Книга Ozma of Oz. Содержание - 17. The Scarecrow Wins the Fight
Billina, having restored all of the royal family of Ev to their proper forms, now began to select the green ornaments which were the transformations of the people of Oz. She had little trouble in finding these, and before long all the twenty-six officers, as well as the private, were gathered around the yellow hen, joyfully congratulating her upon their release. The thirty-seven people who were now alive in the rooms of the palace knew very well that they owed their freedom to the cleverness of the yellow hen, and they were earnest in thanking her for saving them from the magic of the Nome King.
“Now,” said Billina, “I must find Ozma. She is sure to be here, somewhere, and of course she is green, being from Oz. So look around, you stupid soldiers, and help me in my search.”
For a while, however, they could discover nothing more that was green. But the Queen, who had kissed all her nine children once more and could now find time to take an interest in what was going on, said to the hen:
“Mayhap, my gentle friend, it is the grasshopper whom you seek.”
“Of course it’s the grasshopper!” exclaimed Billina. “I declare, I’m nearly as stupid as these brave soldiers. Wait here for me, and I’ll go back and get it.”
So she went into the room where she had seen the grasshopper, and presently Ozma of Oz, as lovely and dainty as ever, entered and approached the Queen of Ev, greeting her as one high born princess greets another.
“But where are my friends, the Scarecrow and the Tin Woodman?” asked the girl Ruler, when these courtesies had been exchanged.
“I’ll hunt them up,” replied Billina. “The Scarecrow is solid gold, and so is Tiktok; but I don’t exactly know what the Tin Woodman is, because the Nome King said he had been transformed into something funny.”
Ozma eagerly assisted the hen in her quest, and soon the Scarecrow and the machine man, being ornaments of shining gold, were discovered and restored to their accustomed forms. But, search as they might, in no place could they find a funny ornament that might be the transformation of the Tin Woodman.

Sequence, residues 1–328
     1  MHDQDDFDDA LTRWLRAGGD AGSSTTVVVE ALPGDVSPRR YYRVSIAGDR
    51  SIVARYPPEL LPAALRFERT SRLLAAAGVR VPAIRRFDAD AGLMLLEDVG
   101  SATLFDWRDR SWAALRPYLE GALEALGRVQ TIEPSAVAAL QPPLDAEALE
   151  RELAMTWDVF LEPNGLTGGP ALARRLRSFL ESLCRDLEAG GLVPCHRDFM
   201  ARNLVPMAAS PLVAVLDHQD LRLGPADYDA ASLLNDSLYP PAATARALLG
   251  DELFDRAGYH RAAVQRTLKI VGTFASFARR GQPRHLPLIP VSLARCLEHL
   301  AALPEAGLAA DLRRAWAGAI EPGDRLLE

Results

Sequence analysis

“Only one thing can be done,” said Ozma, at last, “and that is to return to the Nome King and oblige him to tell us what has become of our friend.”
“Perhaps he won’t,” suggested Billina.
“He must,” returned Ozma, firmly. “The King has not treated us honestly, for under the mask of fairness and good nature he entrapped us all, and we would have been forever enchanted had not our wise and clever friend, the yellow hen, found a way to save us.”
“The King is a villain,” declared the Scarecrow.
“His laugh is worse than another man’s frown,” said the private, with a shudder.
“I thought he was hon-est, but I was mis-tak-en,” remarked Tiktok. “My thoughts are us-u-al-ly cor-rect, but it is Smith & Tin-ker’s fault if they some-times go wrong or do not work prop-er-ly.”
“Smith & Tinker made a very good job of you,” said Ozma, kindly. “I do not think they should be blamed if you are not quite perfect.”
“Thank you,” replied Tiktok.
“Then,” said Billina, in her brisk little voice, “let us all go back to the Nome King, and see what he has to say for himself.”
So they started for the entrance, Ozma going first, with the Queen and her train of little Princes and Princesses following. Then came Tiktok, and the Scarecrow with Billina perched upon his straw-stuffed shoulder. The twenty-seven officers and the private brought up the rear.
As they reached the hall the doors flew open before them; but then they all stopped and stared into the domed cavern with faces of astonishment and dismay. For the room was filled with the mail-clad warriors of the Nome King, rank after rank standing in orderly array. The electric lights upon their brows gleamed brightly, their battle-axes were poised as if to strike down their foes; yet they remained motionless as statues, awaiting the word of command.